Thus, preferred polyalkylene polyamines for use in the practice of this invention include ethylene polyamines. It is preferred that the ethylene polyamines used have an average molecular weight less than about 1000. It is more preferred that the ethylene polyamines used have an average molecular weight less than about 800. Higher weight polyalkylene polyamines flocculate the clay suspension. Examples of preferred polyalkylene polyamines include ethylenediamine, diethylenetriamine, triethylenetetramine, tetraethylenepentamine, piperazine, Ethyleneamine E-100, and mixtures thereof. Examples of more preferred polyalkylene polyamines include Ethyleneamine E-100, tetraethylenepentamine, and triethylenetetramine.
The polyalkylene polyamine additive of this invention includes individual polyalkylene polyamines and mixtures thereof. For example, some polyalkylene polyamines such as triethylenetetramine and tetraethylenepentamine (hereinafter TEPA) are generally available commercially only as a mixture of isomers having similar boiling points. Likewise, Ethyleneamine E-100 is a blend of isomers having similar boiling points around 240° to 260° C. at atmospheric pressure and average molecular weights of about 250 to about 300. Also suitable for use in the practice of this invention are mixtures of isomers having similar boiling points and higher molecular weights up to about 1000. In addition to the linear isomers of the polyalkylene polyamines, branched and cyclic isomers of these compounds may also be employed.
A latex is optionally employed in the process of the present invention in conjunction with the polyalkylene polyamine. Examples of preferred latexes include latexes such as styrene-butadiene latexes, acrylic latexes, ethylene-acrylic acid latexes, and other latexes known in the art. One such commercially available styrene-butadiene latex is SB Latex 233A produced by The Dow Chemical Company.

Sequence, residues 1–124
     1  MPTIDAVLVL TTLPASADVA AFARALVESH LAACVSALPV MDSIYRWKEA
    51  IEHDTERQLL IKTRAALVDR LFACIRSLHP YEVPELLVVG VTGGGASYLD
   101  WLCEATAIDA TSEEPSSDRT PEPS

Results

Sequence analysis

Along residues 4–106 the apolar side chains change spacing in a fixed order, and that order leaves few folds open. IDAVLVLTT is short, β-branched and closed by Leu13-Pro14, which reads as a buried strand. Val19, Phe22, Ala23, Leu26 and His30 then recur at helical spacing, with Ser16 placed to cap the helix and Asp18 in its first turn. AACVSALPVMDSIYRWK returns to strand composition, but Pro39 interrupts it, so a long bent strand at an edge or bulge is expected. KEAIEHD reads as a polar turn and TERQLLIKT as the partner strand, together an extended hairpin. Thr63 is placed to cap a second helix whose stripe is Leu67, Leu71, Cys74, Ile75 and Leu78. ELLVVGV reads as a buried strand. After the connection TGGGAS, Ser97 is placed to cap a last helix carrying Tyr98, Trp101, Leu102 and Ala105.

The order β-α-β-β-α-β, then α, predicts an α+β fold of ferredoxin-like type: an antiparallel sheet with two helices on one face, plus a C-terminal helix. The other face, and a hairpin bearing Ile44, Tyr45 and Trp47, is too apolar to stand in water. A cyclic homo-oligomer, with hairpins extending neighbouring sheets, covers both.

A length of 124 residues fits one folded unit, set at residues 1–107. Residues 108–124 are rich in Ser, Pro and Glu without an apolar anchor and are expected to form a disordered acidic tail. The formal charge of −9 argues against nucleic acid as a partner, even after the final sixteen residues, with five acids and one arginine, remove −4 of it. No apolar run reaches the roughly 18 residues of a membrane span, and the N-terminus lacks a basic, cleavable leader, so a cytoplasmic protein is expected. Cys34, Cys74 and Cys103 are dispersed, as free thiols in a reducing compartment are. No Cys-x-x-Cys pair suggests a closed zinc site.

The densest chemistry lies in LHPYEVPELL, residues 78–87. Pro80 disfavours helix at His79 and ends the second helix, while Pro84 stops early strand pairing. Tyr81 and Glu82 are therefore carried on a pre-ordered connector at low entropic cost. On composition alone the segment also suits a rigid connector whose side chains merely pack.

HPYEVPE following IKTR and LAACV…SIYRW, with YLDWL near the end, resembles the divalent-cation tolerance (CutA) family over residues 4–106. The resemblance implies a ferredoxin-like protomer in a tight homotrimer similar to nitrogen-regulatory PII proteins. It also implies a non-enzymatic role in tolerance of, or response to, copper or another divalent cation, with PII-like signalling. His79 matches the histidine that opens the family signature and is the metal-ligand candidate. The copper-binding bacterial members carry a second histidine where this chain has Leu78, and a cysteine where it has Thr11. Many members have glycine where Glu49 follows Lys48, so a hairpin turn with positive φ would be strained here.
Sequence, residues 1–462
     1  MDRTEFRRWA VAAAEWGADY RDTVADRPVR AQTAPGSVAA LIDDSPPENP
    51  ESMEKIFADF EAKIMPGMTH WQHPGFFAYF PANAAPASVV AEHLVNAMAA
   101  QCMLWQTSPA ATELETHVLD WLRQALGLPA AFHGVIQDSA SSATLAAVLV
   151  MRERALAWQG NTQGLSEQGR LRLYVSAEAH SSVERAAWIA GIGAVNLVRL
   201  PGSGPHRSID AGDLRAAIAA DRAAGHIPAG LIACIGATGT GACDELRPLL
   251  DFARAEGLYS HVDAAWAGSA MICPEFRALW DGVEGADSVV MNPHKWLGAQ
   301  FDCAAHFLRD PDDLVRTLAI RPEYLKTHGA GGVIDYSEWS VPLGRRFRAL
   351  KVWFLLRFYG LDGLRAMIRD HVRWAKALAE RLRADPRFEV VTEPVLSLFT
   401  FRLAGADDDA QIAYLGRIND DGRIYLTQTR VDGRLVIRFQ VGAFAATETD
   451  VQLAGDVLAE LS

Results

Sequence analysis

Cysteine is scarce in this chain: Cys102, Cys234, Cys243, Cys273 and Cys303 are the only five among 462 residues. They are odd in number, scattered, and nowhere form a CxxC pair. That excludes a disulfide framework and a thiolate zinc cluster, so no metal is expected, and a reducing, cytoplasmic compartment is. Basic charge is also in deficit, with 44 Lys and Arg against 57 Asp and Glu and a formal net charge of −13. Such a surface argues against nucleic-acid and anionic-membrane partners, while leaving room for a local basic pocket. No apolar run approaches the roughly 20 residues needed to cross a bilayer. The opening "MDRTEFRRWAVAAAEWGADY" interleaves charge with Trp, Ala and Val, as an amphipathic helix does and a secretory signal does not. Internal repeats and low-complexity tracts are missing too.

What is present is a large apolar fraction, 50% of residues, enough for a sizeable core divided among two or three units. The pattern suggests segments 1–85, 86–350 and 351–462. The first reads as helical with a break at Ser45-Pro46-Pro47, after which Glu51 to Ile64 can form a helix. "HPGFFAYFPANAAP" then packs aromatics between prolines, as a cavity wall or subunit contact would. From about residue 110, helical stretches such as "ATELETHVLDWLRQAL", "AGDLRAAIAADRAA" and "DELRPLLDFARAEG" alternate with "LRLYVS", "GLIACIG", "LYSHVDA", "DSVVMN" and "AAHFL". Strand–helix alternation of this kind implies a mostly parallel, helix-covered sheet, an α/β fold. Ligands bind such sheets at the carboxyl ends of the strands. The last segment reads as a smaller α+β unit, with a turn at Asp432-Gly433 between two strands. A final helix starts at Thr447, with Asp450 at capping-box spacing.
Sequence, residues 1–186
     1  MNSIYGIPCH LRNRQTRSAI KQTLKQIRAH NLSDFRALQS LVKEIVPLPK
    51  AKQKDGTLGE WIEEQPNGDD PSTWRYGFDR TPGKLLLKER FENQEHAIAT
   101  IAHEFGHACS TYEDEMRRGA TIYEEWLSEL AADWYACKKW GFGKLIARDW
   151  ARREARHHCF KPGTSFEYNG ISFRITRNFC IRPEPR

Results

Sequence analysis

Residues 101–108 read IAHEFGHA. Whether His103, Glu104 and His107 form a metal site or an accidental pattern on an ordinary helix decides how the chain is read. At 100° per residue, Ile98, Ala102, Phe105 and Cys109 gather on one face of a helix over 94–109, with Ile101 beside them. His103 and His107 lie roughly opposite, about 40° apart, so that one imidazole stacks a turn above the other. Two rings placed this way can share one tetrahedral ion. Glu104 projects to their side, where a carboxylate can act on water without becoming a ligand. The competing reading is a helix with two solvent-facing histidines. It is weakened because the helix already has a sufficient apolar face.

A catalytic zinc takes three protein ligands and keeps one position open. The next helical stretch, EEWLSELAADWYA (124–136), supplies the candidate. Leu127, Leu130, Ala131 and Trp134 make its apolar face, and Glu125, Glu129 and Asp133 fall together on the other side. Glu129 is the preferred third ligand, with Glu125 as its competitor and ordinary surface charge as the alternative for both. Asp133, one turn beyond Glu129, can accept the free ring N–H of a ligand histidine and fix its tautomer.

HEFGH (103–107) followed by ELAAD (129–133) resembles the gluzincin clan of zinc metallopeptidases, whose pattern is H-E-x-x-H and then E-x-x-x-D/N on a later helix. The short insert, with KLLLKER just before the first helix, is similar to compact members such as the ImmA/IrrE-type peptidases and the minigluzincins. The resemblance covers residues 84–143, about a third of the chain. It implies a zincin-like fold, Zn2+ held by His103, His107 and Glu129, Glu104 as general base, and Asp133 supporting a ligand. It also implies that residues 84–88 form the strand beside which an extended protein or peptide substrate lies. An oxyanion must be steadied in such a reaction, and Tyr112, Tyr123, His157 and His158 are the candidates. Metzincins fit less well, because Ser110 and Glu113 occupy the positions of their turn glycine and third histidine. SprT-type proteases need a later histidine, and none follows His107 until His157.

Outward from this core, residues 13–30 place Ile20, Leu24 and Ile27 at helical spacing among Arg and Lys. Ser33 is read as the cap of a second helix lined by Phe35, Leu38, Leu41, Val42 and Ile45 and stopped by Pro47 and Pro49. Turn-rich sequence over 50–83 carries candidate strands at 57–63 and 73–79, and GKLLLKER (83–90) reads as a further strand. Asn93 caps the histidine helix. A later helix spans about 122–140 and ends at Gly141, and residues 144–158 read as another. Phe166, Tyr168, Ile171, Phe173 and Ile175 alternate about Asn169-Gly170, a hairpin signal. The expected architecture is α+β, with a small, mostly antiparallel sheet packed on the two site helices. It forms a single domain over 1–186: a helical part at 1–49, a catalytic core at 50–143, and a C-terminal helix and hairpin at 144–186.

The ratio of polyalkylene polyamine to latex, when a latex is used, is any which will result in a slurry composition which exhibits a faster filtration rate compared with a slurry comprised solely of water and clay. A preferred weight ratio of polyalkylene polyamine to latex is at least about 5:95 and no greater than about 95:5. It is more preferred that the weight ratio is at least about 30:70 and no greater than about 70:30. It is most preferred that the weight ratio of polyalkylene polyamine to latex is about 50:50.
The polyalkylene polyamine and the latex, when used, may be added to the slurry composition separately. Alternatively, the polyalkylene polyamine and latex may be mixed together, optionally with water, and added to the slurry composition at once. When the polyalkylene polyamine and latex are mixed together before being added to the slurry composition, it is preferred to mix the two components by preparing an aqueous solution of the polyamine and an aqueous suspension of the latex, and adding the polyamine solution to the latex suspension with stirring. When mixed with water, the weight ratio of polyalkylene polyamine and latex to water is preferably about 1:1. However, other ratios may be used.